Try to remember to switch off your car's electronic controls before stopping your engine as this will allow the extra charge to run back into your battery and help to extend its life. This includes lights, windscreen wipers, heaters, air conditioning, heated seats, radios and cd players and any other electronic gadgets that are powered by your car's battery. Also, if at all possible, store your car in a garage when not in use. This is particularly beneficial during the winter months as car batteries don't respond well to the cold.

Bodywork:

Washing your car on a regular basis will not only help it to look shiny and new (even if it's years old) but will also prevent the build up of dirt, grime and potentially corrosive winter salt, helping to protect both the bodywork and other essential components from damage.

Servicing:

While getting your car serviced on a regular basis does up the cost of running your vehicle, ultimately it should save you money. This is because a well maintained car is likely to cause you fewer problems and require far fewer expensive repairs as it ages than one that has not had this attention.

You're also likely to find that when you come to sell your car you're able to command a far higher price (on both the private-sale and part-exchange markets) for a car with a complete service history than a car with an incomplete log book.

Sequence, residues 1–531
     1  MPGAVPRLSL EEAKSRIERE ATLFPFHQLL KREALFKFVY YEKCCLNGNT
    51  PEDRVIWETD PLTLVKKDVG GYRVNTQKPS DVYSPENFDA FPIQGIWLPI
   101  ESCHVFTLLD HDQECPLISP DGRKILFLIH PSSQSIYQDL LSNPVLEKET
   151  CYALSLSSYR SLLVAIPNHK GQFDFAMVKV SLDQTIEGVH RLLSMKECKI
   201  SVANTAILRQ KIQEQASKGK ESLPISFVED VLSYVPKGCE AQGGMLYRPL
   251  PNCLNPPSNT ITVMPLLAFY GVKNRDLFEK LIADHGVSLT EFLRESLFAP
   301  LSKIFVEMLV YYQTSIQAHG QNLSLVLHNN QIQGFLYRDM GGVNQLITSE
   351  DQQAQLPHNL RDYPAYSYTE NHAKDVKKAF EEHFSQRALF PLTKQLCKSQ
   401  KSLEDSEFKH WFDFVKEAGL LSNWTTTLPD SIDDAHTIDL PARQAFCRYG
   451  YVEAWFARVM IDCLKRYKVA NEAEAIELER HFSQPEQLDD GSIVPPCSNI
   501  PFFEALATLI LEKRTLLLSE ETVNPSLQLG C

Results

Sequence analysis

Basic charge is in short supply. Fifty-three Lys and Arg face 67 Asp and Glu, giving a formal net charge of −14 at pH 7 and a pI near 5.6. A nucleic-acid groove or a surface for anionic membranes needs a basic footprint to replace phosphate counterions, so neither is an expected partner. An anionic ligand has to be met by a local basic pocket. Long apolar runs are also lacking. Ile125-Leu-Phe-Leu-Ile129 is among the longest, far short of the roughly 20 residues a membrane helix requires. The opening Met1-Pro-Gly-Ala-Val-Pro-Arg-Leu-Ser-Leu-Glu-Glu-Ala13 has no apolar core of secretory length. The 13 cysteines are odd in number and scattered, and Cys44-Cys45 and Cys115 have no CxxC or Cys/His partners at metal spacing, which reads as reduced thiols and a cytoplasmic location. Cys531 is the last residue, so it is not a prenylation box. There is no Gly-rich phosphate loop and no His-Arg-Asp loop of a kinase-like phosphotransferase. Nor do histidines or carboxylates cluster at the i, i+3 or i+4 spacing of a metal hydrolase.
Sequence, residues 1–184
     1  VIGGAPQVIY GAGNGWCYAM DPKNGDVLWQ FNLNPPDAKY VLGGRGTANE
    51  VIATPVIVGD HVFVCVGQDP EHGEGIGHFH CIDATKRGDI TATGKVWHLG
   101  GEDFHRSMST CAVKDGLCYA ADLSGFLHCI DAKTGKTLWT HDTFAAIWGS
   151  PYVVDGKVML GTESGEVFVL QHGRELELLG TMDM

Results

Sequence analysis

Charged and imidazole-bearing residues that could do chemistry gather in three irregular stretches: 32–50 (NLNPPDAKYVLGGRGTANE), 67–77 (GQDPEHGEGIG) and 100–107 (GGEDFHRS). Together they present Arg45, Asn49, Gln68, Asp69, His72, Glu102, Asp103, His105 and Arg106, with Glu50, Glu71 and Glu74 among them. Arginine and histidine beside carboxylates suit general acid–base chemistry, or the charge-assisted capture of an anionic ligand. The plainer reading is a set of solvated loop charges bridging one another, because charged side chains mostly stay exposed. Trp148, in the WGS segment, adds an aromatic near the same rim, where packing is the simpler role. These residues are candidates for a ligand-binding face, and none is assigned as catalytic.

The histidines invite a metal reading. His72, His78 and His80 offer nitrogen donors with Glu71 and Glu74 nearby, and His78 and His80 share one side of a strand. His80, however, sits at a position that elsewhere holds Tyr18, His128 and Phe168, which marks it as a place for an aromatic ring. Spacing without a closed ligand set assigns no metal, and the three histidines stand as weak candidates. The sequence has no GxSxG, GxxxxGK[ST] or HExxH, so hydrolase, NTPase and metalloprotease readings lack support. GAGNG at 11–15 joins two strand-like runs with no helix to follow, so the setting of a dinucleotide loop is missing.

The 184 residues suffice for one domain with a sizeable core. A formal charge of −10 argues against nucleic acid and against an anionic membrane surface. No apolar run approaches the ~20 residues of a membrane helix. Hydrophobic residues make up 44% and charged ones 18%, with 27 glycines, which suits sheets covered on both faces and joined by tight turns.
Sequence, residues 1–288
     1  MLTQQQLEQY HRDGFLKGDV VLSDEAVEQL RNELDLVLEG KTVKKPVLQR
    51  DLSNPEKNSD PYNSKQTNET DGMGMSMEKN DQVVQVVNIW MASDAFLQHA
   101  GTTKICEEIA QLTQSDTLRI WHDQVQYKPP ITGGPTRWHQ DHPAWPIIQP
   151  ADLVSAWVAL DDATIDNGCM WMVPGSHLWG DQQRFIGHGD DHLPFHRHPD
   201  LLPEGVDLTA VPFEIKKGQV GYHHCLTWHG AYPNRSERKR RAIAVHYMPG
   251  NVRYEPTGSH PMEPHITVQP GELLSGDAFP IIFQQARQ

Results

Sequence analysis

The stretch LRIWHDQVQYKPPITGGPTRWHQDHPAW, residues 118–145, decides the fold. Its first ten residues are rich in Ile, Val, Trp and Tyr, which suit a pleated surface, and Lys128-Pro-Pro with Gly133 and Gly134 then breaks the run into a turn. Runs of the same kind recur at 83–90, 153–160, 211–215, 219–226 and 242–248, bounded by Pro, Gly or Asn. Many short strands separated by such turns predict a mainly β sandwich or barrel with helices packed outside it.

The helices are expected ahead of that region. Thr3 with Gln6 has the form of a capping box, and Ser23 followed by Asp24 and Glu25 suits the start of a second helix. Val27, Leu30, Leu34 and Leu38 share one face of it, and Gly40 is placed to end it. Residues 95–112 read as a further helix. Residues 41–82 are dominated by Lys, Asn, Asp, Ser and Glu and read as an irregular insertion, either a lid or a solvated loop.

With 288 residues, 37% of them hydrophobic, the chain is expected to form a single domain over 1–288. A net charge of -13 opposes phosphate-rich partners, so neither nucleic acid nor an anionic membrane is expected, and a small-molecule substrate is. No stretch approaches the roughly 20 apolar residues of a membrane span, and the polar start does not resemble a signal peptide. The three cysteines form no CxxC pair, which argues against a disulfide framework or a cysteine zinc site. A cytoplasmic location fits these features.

Once any initial warranty has expired you may find that you can cut the cost of a service considerably by using an 'approved repairer' rather than an official dealership so it's worth ringing around to get some quotes.

Fuel:

It sounds obvious but always check that you're using the right pump when you fill up at the petrol station as getting it wrong can be a costly mistake.

If you do top up with the wrong fuel then it's essential that you get help right away as your car will need to be drained and assessed for damage. Trying to move, start or drive your car will only exacerbate the damage and make the situation a lot worse so keep it where it is until assistance arrives.

Extras:

make sure your car is topped up with screen wash and antifreeze in the winter months. It is also worth putting together a 'just in case' kit in your car whenever you travel so that you're prepared for if you breakdown or get stuck in a hold up. A warm blanket, charged mobile phone, bottle of water and snack are all a must.